Crash Bandicoot 4: It’s About Time PC Port Report

Crash Bandicoot 4: It's About Time PC Port Report

Conclusion – An Excellent PC version

Unlike the Crash Bandicoot N. Sane Trilogy’s PC version, Crash Bandicoot 4: It’s About Time gets all of the fundamentals right with this PC release. Unlocked framerates are supported as standard, the game lacks the refresh rate oddities of its predecessor, and the game has no glaring issues that make the game difficult to play on PC. 

The move to Unreal Engine 4 has done the Crash Bandicoot N. Sane Trilogy wonders, offering gamers satisfying visuals and better access to standard PC features. Like the N.Sane Trilogy, the PC release of Crash 4 was not a priority for Activision Blizzard (launching after all other versions of the game). Still, this time we have a competent PC release that lacks any of the major issues that its predecessor features. 

Support for Unlocked Framerates

Crash Bandicoot 4 is designed to run at 30 FPS on last-generation consoles like the Xbox One, PlayStation 4 and Nintendo Switch, with 60 FPS being reserved for newer systems like Xbox One X, PlayStation 4 Pro, Xbox Series X/S and PlayStation 5. On PC, 60 FPS framerates are easy to achieve on modern hardware, and 120FPS framerates are possible on high-end systems. 

Crash Bandicoot 4’s PC version has the potential to deliver the highest refresh rates of any version of the platformer. At 1080p, we achieved framerates of over 250FPS in some areas, highlighting the high framerate potential of Crash Bandicoot 4. That said, Crash Bandicoot 4 becomes fairly CPU-limited at over 120Hz on our test system, which is a factor that makes Variable Refresh Rate displays desirable.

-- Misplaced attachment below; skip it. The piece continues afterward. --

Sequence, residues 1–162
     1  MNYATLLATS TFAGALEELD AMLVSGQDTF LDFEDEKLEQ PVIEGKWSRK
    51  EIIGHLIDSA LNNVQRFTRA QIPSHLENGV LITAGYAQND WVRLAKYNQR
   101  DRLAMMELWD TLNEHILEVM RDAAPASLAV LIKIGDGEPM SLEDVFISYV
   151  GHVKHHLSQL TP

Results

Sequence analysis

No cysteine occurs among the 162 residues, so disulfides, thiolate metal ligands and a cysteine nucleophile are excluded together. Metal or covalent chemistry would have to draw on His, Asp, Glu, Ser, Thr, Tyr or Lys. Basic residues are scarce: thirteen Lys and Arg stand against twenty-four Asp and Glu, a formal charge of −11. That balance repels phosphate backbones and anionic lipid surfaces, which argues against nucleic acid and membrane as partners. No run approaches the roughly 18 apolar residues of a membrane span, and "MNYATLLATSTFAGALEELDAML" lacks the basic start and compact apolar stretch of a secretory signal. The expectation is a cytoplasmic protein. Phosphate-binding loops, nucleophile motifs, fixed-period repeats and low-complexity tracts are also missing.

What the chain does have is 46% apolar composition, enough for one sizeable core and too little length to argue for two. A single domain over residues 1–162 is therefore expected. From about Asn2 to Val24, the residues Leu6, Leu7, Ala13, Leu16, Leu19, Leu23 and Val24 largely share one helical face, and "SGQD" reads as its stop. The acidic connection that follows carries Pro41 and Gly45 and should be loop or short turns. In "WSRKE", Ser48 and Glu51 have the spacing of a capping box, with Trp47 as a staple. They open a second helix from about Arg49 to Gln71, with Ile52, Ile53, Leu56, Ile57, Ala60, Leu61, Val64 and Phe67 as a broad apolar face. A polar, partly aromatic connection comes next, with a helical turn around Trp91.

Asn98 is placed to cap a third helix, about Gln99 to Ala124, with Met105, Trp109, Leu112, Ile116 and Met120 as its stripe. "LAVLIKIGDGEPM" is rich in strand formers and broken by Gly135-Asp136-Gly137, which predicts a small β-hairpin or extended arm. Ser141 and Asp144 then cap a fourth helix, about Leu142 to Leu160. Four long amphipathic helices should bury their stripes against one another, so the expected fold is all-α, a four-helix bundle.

On PC, Crash Bandicoot 4 can run at higher framerates than any of the game’s console version, delivering PC gamers a smoother gameplay experience. This could make the PC version of Crash 4 the best version for speed-running, as higher refresh rates come with reduced input latency and faster player response times. 

Crash Bandicoot 4: It's About Time PC Port Report  
PC Settings – Don’t go N.Sane

Settings-wise, most PC gamers will find it difficult to spot the differences between Crash Bandicoot 4’s Medium, High and N.Sane settings. We recommend that PC gamers utilise Crash Bandicoot 4’s High graphics preset, as this makes Crash Bandicoot 4’s most demanding stages run at much higher framerates. This is especially true for stages like “Off Beat” and “Stage Dive”. High settings will make Crash Bandicoot 4’s framerates more stable throughout the game and mitigate many potential framerate dips. 

What you need for 60 FPS at 1080p, 1440p and 4K

Now it’s time for some hardware recommendations. What kind of PC do you need to play Crash Bandicoot 4 at High settings at 1080p, 1440p and 4K? 

For 1080p 60 FPS framerates, older graphics cards like AMD’s RX 480 and Nvidia’s GTX 1060 are more than good enough to deliver a stable 60 FPS experience. GPUs like Nvidia’s RTX 2060 and AMD’s RX 5600 XT should also be enough to deliver 120 FPS framerates in most areas of the game at 1080p, with some minor dips. All users of high refresh rate displays should have access to Variable Refresh Rate technologies, making small framerate dips practically irrelevant.